How the blue economy
What is the blue economy?
The blue economy focuses on achieving a healthy marine environment, a strong economy and a vibrant society by sustainably managing one of Australia’s greatest resources: our oceans and coasts.
In this economy, the long-term health, resilience and prosperity of oceans, coasts, economy and society are inextricably intertwined. Marine science is a key economy driver.
The value of Australia’s marine estate and the blue economy
By 2025, Australia’s blue economy is projected to be worth $100 billion per annum. It has already contributed $69.2 billion to the national economy in 2018. This represented 3.7 per cent of national gross domestic product (GDP).
Globally, ocean economic activity is estimated to be worth US$3–5 trillion.
Australian blue economy industries include marine tourism, energy and food production, and transport. It also includes emerging industries such as marine renewable energy, offshore aquaculture, autonomous technologies, new sensor development and machine-learning applications.
The blue economy includes marine industries, such as wave energy, oil and gas, aquaculture, shipping, fishing and tourism, as well as cultural and recreational use of Australia's oceans and coasts. (Credits: Waveswell, Shutterstock, Ludo Kuipers)
The ocean’s ecosystem services, such as climate regulation, carbon dioxide absorption and coastal protection, are estimated to be worth billions more. Meanwhile, the environmental and cultural value of our oceans and coasts is priceless.
Australia is responsible for a marine estate that covers an area greater than its land mass. This is home to some of the world’s most biodiverse and iconic ecosystems.
For a coastal-hugging nation, our oceans and coasts are an integral part of our cultural psyche, play and wellbeing. And they are the cultural lifeblood of Traditional Owners, who have sustainably used and protected their Sea Country over millennia.
To learn more, listen to our recent spotlight on the value of marine industries and science to the Australian economy.
Measuring the economic benefit of Australia's marine estate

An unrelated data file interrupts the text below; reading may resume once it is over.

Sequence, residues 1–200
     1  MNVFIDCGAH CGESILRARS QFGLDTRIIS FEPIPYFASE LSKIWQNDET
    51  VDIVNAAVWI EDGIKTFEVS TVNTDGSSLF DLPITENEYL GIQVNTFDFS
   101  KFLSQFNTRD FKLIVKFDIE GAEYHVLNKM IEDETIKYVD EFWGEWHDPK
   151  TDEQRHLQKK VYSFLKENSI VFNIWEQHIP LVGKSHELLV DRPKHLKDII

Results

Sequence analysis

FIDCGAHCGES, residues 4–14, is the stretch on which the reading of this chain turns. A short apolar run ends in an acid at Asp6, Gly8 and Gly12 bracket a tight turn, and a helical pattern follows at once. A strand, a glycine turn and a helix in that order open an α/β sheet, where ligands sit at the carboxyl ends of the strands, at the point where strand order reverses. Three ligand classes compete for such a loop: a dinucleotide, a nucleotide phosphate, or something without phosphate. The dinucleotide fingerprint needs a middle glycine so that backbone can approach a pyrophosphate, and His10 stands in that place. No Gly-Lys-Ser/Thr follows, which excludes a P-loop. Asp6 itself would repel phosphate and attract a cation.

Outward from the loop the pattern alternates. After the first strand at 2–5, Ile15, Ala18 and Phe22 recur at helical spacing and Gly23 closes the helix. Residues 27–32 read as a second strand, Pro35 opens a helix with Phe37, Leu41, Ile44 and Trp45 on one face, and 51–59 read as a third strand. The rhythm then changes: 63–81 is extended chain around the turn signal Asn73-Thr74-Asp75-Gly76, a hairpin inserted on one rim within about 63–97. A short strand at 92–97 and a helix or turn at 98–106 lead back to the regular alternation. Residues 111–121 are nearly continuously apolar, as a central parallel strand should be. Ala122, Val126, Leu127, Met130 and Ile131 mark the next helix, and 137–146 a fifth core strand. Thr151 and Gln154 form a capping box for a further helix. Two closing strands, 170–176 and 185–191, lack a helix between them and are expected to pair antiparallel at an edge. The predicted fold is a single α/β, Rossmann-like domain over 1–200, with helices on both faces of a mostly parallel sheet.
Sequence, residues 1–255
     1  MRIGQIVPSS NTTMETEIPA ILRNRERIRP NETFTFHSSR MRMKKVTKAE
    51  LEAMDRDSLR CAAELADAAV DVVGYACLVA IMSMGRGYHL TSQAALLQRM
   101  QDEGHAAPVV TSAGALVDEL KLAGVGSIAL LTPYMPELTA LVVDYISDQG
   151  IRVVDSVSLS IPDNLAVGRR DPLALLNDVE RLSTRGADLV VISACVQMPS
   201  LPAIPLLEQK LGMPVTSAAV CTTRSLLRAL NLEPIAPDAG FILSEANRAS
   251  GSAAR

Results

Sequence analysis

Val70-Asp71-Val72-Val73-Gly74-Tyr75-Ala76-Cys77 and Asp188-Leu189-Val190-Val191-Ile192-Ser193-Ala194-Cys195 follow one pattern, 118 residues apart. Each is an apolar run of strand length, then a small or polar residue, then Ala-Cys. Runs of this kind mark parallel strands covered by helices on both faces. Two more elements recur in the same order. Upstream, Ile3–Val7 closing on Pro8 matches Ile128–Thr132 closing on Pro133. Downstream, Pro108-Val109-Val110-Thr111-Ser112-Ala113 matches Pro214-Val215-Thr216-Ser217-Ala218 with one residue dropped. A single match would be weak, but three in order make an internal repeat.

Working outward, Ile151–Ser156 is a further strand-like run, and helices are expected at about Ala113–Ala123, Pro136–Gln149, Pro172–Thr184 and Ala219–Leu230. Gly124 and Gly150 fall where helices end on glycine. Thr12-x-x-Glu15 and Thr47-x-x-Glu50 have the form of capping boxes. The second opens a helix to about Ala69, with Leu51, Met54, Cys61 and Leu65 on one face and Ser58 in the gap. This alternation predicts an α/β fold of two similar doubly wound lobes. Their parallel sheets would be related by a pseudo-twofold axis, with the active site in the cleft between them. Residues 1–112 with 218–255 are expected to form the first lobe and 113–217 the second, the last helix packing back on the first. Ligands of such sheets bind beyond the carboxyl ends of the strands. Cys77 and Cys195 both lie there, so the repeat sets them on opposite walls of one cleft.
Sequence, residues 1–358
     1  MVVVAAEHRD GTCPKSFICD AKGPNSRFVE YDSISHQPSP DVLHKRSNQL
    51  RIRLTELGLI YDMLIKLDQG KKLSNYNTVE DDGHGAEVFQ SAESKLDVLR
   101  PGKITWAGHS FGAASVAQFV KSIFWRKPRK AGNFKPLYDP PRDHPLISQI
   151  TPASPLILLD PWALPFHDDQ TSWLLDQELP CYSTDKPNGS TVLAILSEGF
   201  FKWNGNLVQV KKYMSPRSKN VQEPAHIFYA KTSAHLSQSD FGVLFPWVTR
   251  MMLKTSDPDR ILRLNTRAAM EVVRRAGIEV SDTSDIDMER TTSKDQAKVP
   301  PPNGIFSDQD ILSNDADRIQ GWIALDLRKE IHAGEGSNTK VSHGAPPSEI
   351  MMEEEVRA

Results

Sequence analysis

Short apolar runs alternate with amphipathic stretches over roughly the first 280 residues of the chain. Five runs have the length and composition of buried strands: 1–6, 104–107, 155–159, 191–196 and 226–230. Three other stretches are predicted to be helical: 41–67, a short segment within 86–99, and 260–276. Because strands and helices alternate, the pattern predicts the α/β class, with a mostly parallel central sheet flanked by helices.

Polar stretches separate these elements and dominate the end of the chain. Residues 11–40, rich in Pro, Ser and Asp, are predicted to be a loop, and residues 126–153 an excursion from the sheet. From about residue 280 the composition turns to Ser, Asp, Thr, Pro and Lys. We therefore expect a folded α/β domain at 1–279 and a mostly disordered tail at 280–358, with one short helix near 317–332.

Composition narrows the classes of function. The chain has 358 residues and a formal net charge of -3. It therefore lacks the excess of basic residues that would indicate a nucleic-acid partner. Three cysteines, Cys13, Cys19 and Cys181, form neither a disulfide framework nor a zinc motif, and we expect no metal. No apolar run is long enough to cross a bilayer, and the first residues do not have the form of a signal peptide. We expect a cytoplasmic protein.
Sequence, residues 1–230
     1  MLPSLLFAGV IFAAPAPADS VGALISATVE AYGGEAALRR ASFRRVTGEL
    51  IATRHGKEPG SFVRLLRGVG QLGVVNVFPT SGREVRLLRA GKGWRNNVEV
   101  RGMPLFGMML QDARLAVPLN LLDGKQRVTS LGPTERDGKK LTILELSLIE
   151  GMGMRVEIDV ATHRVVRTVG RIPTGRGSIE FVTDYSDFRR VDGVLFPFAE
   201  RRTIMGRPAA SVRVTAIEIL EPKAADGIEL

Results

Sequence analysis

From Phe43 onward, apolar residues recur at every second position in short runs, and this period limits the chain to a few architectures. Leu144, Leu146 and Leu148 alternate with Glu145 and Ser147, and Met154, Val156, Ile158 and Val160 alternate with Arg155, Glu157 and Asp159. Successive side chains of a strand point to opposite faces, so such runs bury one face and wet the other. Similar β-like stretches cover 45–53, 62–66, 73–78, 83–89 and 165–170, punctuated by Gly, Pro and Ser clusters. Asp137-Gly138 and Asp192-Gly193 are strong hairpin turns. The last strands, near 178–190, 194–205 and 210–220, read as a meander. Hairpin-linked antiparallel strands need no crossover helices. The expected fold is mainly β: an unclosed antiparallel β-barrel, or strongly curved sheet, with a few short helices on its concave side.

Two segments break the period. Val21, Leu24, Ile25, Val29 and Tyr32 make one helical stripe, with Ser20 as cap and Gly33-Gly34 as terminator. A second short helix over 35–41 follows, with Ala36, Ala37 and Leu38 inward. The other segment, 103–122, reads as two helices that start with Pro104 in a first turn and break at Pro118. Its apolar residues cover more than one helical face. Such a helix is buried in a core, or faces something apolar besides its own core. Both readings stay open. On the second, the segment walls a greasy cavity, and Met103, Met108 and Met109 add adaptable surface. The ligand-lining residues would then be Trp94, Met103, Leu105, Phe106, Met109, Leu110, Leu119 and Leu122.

The AIMS Index of Marine Industry assesses the output of Australia’s blue economy and its contribution to the nation’s economic bottom line. It uses accessible economic data to provide an estimate of the income earned by Australian marine-based industries and their value-added contribution.
The NMSC’s reports focus primarily on the blue economy's value-added economic contribution. This framework focuses on the flow value of Australian marine industries to the national economy and employment.
This approach is consistent with the National Accounting Framework used by the Australian Bureau of Statistics to measure GDP. It also enables comparisons between the value of marine industries and the value of other industries to the economy.
These reports are available here.
Threats to the blue economy
The National Marine Science Plan 2015–2025 identified seven grand challenges facing our marine estate and the blue economy.
But since the Plan’s implementation in 2015, the threats to ocean and coastal health have increased.
These threats to the blue economy’s foundation have increased as our coastal population and reliance on marine resources have risen.
They include accelerating climate change, pollution, demographic change, loss of biodiversity and habitat, aging marine and coastal infrastructure, and biosecurity threats.
Meanwhile, the COVID-19 pandemic has driven a broader need for economic and social recovery, resilience-building and preparedness against future shocks.
Unchecked economic ocean activity also poses a real threat to the ecological health of the world’s oceans, which are increasingly under stress.
Challenges include bushfires, coastal erosion, marine pollution, storm surges and coral bleaching (Credits: Martin Von Stoll, Byron Shire Council, Shutterstock)
Delivering the blue economy: we're not alone
Australia is not alone in its efforts to sustainably manage the long-term health of our oceans and coast. Or to deliver the economic, environmental, social and cultural benefits of a blue economy.
The United Nations Decade of Ocean Science for Sustainable Development (2021–2030) is mobilising the global scientific community, policy-makers, industry and civil society. This UN Ocean Decade is focusing on joint research and technological innovation to halt the decline in ocean health and support sustainable development. This initiative supports the broader UN Sustainable Development Goals.
The Australian Government has also joined forces with 13 other countries on a High-Level Panel for a Sustainable Ocean Economy. Australia and these other governments have now committed to having an Ocean Action Plan to sustainably manage 100 per cent of their national estates by 2025.
NMSC Chair and Deputy
Chair: Dr Patrick Hone, Managing Director, Fisheries Research and Development Corporation
Deputy Chair: Kim Picard, Chair of the AusSeabed Steering Committee, Geoscience Australia
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